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Report No. 188


The position in England is generally no different. At one time, the theme was that English Courts should have regard for the Court in other countries which have a developed system of justice: (The El America. 1981 (2) Llyods Rep. 119: This was also the view also in Maharanee of Baroda vs. Wildenstein: 1972(2) QB 283.

But this view does not generally prevail in UK in most cases.

There have been significant recent judgments of UK Courts which like the US Courts, have generalized about delays in Indian Courts. In European Asian Bank vs. Punjab & Sind Bank: (1982)2 Lloyd's Rep. 356 (CA), it was stated that neither India nor Singapore were clearly appropriate for trial of actions than England. In that case, the plaintiff, a West German Bank brought an action in England against an Indian Bank by serving a writ on a branch office for payment under a Letter of Credit. The stay application filed by the defendant (defendant-alien-Bank) was rejected and the case was continued in the UK Court on the general assumption of long delays in Indian Courts.

A similar view was adopted in the Vishva Abha: (1990((2) Llyod's Rep. 312. In Vishwas Ajay: 1989(2) Lloyd's Rep. 558, a generalized plea of 'inordinate delays' in India of the magnitude of ten years before actions come to trial, was accepted and it was assumed that there was denial of justice abroad. The matter was continued in the English Court, rejecting the application for stay filed by the defendant. In Jalakrishna: 1983(2) Lloyd's Rep 628, it was held that there are procedural advantages in UK which are relevant. (See also The Vishva Abha: 1979(2) Llyod' Rep 286).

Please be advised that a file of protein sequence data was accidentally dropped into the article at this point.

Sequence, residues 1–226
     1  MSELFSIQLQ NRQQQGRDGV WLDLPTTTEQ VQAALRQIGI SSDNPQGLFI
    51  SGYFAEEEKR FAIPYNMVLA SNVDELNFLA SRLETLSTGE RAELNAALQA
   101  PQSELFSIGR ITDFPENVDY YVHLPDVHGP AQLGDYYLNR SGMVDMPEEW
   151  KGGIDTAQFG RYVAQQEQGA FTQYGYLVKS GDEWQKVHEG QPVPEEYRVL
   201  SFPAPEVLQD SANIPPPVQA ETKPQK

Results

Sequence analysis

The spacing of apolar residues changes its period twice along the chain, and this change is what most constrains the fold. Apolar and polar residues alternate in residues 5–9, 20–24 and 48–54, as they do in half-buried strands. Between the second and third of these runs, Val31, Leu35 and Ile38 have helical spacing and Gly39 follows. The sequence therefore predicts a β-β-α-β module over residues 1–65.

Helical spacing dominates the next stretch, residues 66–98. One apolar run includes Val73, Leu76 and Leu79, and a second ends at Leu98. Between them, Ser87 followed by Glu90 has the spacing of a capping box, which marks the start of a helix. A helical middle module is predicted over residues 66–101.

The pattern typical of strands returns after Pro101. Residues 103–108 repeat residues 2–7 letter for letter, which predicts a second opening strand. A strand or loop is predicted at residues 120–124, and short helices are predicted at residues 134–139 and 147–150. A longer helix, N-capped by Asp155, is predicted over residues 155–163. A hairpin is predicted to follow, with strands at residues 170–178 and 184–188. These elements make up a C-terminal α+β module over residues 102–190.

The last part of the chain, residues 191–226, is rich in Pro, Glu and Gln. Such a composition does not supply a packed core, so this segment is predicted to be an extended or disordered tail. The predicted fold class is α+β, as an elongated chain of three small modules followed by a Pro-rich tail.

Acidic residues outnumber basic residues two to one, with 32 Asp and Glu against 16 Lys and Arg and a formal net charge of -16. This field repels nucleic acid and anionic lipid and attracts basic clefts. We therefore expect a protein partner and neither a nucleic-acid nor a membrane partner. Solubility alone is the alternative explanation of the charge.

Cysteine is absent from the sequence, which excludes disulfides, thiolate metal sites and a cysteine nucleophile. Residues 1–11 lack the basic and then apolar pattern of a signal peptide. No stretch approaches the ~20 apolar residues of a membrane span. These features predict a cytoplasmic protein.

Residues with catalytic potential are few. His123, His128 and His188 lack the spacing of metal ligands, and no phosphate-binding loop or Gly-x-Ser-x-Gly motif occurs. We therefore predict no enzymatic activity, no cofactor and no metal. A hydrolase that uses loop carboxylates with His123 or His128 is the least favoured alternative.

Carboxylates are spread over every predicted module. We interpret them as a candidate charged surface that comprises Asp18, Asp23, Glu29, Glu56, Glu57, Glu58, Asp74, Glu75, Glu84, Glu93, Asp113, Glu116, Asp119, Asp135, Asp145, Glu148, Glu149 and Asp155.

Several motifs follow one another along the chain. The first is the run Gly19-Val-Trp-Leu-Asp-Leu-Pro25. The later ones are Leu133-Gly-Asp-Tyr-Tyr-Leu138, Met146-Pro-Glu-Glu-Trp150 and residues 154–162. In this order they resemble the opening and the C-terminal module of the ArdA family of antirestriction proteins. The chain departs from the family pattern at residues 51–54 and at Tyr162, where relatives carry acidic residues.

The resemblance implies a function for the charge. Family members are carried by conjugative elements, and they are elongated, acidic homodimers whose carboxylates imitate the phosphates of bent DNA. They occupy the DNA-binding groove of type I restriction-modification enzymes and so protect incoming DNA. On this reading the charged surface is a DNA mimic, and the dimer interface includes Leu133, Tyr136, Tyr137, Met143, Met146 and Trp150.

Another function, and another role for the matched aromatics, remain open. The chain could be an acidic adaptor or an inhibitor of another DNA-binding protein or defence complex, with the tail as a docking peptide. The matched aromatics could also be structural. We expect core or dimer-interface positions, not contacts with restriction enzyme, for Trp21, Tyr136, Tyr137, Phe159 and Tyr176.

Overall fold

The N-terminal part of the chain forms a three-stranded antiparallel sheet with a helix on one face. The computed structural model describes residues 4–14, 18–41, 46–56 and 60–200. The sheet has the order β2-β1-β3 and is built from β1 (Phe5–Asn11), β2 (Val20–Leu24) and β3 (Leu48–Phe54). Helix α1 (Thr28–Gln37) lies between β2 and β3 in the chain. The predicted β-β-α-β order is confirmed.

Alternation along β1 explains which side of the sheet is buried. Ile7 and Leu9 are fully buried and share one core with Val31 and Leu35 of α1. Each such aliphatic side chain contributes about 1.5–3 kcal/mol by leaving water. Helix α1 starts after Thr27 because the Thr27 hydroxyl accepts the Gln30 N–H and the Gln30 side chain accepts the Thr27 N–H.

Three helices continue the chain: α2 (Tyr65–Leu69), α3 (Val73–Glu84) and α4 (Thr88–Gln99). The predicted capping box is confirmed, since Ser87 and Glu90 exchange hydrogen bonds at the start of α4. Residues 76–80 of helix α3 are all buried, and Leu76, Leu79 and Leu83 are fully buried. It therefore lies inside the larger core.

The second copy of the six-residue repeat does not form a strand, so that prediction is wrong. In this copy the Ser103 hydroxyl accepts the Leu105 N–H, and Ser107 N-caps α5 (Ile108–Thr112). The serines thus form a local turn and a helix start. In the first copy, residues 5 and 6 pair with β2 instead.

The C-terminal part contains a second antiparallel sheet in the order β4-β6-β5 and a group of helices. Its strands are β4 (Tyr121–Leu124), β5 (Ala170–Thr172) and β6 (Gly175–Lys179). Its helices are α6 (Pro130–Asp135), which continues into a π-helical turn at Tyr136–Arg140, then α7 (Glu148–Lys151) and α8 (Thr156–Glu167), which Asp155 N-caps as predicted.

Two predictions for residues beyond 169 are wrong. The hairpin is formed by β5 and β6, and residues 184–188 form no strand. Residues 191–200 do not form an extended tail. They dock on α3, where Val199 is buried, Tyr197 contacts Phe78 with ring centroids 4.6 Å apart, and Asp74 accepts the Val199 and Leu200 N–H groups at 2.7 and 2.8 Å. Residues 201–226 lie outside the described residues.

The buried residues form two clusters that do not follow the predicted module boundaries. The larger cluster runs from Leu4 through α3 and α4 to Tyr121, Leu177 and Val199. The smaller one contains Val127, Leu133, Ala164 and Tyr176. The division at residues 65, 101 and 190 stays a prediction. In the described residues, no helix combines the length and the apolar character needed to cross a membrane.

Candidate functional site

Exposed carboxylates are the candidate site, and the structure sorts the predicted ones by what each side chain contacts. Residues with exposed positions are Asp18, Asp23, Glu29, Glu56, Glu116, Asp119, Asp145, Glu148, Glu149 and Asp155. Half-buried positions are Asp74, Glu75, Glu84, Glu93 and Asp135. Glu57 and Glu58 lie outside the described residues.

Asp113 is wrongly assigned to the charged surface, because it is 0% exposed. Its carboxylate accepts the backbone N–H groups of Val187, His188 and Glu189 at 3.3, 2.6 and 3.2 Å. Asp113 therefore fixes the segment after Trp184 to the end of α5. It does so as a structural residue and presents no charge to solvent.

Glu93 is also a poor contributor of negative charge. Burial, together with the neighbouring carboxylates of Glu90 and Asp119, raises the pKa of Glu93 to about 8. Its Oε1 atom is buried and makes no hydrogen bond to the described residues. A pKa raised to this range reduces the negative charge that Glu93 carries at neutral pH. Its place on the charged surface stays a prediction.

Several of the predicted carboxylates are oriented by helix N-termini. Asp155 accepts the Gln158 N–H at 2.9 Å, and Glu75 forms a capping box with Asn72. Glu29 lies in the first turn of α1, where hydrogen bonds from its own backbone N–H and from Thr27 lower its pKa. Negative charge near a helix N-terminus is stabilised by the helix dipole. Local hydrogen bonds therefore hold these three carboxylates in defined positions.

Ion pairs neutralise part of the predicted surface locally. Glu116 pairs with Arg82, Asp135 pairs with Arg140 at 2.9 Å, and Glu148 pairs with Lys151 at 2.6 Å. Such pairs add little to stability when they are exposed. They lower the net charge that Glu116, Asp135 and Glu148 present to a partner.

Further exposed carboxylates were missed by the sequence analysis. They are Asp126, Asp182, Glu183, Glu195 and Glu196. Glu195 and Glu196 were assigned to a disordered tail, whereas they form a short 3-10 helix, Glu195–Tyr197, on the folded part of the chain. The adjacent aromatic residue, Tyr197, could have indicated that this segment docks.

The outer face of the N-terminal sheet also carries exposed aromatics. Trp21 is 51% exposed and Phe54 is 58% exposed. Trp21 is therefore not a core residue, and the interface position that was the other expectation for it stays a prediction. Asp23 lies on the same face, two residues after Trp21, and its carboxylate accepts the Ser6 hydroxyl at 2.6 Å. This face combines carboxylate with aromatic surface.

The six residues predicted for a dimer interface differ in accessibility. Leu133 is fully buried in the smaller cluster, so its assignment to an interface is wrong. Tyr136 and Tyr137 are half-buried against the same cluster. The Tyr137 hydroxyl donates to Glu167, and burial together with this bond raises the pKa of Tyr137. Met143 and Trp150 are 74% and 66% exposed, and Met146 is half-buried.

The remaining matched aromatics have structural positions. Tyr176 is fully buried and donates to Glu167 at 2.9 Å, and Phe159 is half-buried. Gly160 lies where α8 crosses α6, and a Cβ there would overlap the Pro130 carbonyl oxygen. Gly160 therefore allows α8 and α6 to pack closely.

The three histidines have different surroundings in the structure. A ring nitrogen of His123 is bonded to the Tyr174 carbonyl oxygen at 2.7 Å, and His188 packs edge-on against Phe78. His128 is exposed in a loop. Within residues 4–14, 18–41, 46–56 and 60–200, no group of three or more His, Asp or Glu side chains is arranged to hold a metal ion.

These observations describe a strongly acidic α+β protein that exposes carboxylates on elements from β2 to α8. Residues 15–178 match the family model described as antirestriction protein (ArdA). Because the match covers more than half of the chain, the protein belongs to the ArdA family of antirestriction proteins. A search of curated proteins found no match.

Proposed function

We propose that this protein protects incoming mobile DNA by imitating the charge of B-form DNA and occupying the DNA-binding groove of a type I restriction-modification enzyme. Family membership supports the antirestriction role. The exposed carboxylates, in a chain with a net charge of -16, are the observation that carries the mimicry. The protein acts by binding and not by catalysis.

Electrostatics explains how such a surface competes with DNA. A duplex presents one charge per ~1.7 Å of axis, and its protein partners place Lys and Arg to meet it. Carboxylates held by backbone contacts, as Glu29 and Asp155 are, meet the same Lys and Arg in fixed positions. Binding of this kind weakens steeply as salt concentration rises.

The attitude of English Courts has also been adversely commented upon by Prof. J.J. Fawcett ("Trial in England and Abroad: The Underlying Policy Considerations) (Vol 9 Oxford Journal of Legal Affairs. P. 205 at 220) statingthat in none of the cases in which the House of Lords has granted stay of English proceedings is the plaintiff English. It would be very difficult to show that there is clearly a more appropriate forum abroad if the plaintiff is English, he observes. Significantly, Prof. Fawcett says (ibid. p 221) that even though it is accepted that English Courts are crowded and there are delays up to three years in the commercial courts in England, still the above attitude has continued. He says:

"At the moment, the Commercial Court in London is facing quite serious problems of delay arising from the sheer number of cases being brought before it. It was said that if trial was sought in early 1987, in could not be fixed until 1990. (See Zakhlem Intnl Construction Ltd. vs. Nippon Kokan K.K 1987(2) Lloyd's Rep. 661). However, the English Courts have never used the fact that the Courts are already crowded as a reason for refusing to allow trial in England. Instead, it is pointed out that the delay here may still be less than that abroad."

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